AAA Four-Diamond Historical Hotel in the Heart of Louisville
The Brown Hotel’s first incarnation was in 1923, when a local capitalist built the Georgian Revival–style hotel and attracted the upper echelon of society; a former prime minister of the United Kingdom was the first person to sign the guest register. Over the next several decades, The Brown Hotel hosted a slew of famous guests, including Harry Truman, Elizabeth Taylor, Joan Crawford, the Duke of Windsor, and Muhammad Ali. In 1971, as downtown Louisville’s economic slump worsened, the hotel was forced to close it doors. More than a decade passed before the 16-story property was fully renovated and reopened. In 2012, it was named 1 of the best 500 hotels in the world by Travel + Leisure magazine, signifying its triumphant return to the grandeur of the 1920s.
The opulent two-story lobby makes a memorable first impression with its hand-painted ceiling, intricately carved railings, mahogany furniture, and botticino marble flooring. The elegance continues upstairs—the 293 guest rooms are outfitted with 5-inch feather pillow-top mattresses, marbled bathroom floors, and equestrian art. The private Club Lounge is open to all guests staying in the Club Classic room; here, you can partake in complimentary hors d’oeuvres and wine each evening, as well as a free breakfast each morning.
At the AAA Four-Diamond English Grill restaurant, use your dining credit and choose from a selection of more than 200 wines to complement dishes ranging from sautéed halibut ($45) to braised beef short ribs ($24). You can also visit the bistro-style J. Graham’s Café to sample a famous Hot Brown sandwich, first served at The Brown Hotel in 1926 and recently featured on an episode of the Travel Channel’s Man v. Food. The open-faced hot turkey sandwich comes in a skillet atop texas toast, stuffed with cheese, tomato, bacon, and a creamy mornay sauce.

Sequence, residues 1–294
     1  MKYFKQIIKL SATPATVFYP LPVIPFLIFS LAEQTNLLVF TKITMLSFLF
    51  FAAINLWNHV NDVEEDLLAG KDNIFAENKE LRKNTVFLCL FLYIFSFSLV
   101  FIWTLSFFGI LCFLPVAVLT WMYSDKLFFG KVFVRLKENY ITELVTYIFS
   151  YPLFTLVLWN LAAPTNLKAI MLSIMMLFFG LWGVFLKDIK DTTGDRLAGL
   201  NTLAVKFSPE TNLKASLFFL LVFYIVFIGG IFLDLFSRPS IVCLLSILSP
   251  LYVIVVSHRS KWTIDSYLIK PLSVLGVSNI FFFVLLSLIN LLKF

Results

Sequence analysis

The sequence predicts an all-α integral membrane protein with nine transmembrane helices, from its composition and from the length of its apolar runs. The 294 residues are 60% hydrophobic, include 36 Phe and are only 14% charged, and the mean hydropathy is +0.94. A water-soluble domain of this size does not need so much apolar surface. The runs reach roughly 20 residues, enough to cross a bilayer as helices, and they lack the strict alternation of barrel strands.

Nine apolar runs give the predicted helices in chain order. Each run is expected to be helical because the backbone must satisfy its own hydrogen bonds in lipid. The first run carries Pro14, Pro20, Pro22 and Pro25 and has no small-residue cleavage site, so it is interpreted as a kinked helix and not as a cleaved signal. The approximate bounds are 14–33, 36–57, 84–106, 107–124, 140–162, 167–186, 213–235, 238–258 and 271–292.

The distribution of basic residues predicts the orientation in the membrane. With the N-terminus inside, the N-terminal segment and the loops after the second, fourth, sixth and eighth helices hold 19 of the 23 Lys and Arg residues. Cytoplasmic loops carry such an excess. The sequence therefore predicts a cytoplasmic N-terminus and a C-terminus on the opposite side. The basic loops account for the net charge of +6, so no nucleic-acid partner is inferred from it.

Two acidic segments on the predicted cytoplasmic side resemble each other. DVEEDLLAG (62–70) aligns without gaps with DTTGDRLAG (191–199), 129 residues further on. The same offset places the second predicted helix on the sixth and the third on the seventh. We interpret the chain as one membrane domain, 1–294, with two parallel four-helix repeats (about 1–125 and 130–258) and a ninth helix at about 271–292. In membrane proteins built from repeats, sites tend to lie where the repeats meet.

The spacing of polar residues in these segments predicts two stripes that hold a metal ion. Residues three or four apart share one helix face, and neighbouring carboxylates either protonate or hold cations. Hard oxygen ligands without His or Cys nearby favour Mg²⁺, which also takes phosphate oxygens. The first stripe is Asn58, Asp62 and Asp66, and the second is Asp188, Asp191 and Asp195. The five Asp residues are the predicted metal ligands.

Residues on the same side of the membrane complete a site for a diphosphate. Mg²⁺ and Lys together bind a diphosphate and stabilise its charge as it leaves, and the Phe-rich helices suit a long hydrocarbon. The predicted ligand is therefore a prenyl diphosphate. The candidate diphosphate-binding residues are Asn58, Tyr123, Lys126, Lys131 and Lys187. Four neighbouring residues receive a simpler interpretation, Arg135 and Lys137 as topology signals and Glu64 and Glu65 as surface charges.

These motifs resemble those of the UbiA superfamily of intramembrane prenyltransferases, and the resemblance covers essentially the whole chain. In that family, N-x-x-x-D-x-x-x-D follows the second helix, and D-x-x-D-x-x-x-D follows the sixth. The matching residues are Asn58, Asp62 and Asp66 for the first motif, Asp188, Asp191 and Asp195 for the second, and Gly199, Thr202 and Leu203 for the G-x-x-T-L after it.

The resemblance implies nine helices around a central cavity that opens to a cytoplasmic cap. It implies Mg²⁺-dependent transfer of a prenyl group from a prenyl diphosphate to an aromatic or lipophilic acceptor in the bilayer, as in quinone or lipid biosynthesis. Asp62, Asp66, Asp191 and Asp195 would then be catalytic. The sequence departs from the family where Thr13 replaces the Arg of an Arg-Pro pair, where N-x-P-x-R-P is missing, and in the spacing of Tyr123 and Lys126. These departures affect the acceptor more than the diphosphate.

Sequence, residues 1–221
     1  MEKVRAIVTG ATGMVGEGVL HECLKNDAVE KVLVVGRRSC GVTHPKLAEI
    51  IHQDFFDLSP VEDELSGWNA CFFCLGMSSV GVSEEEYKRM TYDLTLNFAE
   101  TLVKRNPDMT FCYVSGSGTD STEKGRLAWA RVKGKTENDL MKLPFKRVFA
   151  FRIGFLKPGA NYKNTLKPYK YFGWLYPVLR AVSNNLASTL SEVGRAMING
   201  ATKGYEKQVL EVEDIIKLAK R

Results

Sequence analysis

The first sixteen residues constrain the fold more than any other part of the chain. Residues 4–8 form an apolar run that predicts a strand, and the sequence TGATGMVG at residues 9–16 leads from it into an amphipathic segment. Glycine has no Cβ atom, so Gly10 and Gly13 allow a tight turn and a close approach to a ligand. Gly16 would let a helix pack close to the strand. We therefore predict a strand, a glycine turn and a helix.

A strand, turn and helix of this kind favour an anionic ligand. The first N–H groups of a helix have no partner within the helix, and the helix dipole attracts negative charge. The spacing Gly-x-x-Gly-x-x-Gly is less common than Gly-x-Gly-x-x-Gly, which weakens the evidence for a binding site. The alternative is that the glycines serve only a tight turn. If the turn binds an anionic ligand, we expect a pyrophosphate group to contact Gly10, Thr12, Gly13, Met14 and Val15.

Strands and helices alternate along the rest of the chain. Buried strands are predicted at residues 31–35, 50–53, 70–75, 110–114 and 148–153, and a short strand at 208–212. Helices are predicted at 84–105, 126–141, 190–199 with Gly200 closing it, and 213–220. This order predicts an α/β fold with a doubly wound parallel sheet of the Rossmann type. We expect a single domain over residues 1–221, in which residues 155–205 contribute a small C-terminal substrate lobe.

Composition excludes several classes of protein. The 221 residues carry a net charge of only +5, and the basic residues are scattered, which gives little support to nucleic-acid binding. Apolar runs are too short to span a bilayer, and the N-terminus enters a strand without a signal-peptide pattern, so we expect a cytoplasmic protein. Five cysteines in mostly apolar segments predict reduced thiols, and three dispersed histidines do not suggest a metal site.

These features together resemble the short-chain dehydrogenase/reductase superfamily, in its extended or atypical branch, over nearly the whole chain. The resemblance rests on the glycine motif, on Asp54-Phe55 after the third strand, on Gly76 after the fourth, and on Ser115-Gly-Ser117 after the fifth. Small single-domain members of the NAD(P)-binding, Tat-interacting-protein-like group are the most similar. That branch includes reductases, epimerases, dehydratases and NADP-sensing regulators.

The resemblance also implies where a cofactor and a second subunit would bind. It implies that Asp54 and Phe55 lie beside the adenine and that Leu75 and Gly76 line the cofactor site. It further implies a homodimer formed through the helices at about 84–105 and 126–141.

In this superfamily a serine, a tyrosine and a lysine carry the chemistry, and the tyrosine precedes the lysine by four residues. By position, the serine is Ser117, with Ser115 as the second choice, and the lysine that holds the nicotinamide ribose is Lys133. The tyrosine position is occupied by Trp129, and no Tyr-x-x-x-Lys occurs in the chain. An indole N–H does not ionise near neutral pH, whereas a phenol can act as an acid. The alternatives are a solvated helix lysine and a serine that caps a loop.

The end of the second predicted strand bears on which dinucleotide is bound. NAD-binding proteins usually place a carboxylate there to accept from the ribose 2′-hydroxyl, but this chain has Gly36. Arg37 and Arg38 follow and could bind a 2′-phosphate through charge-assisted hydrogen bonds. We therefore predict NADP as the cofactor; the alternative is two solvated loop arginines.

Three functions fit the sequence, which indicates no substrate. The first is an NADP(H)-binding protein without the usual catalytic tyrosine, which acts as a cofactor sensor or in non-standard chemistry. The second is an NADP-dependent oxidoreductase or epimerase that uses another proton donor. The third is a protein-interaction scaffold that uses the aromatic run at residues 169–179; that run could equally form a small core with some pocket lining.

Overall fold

Louisville, Kentucky: Historical Southern City on the Banks of the Ohio River
Every year, during the first weekend in May, throngs of well-dressed folks descend on Louisville, headed to Churchill Downs to witness the country's most iconic horserace, the Kentucky Derby. Though the derby lasts only a few days, the track hosts other horseraces throughout much of the year and operates a museum seven days a week.
Another Louisville mainstay is the Louisville Slugger Museum & Factory, where you can take a 25-minute guided tour through the bat-making factory. The attached museum boasts a six-story bat out front—the largest bat in the world. You can learn more about the manufacturing process with interactive exhibits and take an opportunity to stare down a 90-mile-per-hour fastball. Posttour, each visitor receives a miniature souvenir bat with which to swat away household ghosts.
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